Our experiential learning and skills training programs include a large number of externship opportunities: field placements outside the Law School, where students receive academic credit, but not compensation, for their work.
Many of these externships are clinical course offerings, supervised by clinical or adjunct faculty members. Others are student-initiated externships in the legal departments of government or nonprofit agencies or in-house legal departments at corporations.
To participate, students must have completed their first year of law school. A student's eligibility to participate in any Law School internship or externship program is contingent on the student's being in good standing, both academically and with respect to disciplinary matters.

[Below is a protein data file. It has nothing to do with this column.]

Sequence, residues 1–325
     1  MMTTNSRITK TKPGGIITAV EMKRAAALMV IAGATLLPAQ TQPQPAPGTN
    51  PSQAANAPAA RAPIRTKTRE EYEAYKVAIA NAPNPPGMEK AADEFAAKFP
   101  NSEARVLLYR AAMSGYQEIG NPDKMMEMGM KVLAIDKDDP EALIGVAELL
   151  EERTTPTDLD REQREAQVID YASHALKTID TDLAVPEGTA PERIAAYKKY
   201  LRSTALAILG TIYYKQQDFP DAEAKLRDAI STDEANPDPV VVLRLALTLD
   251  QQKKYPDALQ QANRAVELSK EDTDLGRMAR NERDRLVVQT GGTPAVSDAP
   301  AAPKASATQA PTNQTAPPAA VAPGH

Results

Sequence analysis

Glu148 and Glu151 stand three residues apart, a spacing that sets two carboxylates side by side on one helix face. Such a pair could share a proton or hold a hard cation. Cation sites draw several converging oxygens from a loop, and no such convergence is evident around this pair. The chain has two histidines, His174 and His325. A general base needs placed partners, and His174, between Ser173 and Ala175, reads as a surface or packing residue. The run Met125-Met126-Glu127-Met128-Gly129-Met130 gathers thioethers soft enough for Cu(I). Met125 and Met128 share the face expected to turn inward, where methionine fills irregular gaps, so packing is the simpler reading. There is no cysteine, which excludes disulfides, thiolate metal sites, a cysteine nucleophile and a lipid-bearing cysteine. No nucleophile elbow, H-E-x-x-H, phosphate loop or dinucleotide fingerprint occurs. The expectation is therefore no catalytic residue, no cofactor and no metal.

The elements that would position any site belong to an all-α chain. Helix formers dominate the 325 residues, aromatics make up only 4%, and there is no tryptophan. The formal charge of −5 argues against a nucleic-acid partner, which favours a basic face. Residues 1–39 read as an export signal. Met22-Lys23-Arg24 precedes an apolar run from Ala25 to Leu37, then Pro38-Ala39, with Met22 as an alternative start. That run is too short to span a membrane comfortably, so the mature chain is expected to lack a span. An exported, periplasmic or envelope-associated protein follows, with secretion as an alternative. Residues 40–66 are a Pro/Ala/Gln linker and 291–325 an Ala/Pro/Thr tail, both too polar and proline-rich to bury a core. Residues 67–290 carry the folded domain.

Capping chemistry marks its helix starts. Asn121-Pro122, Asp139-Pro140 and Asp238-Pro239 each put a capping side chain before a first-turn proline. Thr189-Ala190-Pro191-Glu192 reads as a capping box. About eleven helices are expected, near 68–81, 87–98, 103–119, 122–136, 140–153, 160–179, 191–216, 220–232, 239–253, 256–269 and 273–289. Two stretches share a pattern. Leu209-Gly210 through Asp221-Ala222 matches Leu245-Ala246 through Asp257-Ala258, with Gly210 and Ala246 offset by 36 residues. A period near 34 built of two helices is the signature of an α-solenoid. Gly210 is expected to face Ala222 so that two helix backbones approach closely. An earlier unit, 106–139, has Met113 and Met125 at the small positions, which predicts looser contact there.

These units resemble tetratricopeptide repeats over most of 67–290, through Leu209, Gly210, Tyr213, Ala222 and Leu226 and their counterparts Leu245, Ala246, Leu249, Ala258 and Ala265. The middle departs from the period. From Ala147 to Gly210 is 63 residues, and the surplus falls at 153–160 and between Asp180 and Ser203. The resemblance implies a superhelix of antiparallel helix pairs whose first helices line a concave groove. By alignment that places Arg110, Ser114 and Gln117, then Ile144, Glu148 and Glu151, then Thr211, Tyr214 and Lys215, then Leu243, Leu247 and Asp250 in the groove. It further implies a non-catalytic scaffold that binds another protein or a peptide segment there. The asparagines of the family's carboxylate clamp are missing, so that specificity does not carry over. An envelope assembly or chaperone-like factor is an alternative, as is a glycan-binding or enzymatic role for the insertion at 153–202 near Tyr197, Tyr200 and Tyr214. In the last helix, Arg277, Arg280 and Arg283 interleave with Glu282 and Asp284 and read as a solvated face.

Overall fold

A student's placement in an internship or externship program may be denied or revoked if the Law School determines that a student's conduct or academic performance makes that placement inappropriate for any reason.
Students may meet their Experiential Learning Requirement and receive academic credit by working at an approved placement site in a government, non-profit, corporate, or university setting.
The point of contact for this initiative is Externship Director, Emily Kite.
Judicial Intern Program
The Judicial Intern Program gives students an opportunity to to observe the court system from the inside; learn about the work of judges and their law clerks; and evaluate the effectiveness or ineffectiveness of lawyers appearing before the courts.
The point of contact for this initiative is Adam Gratch.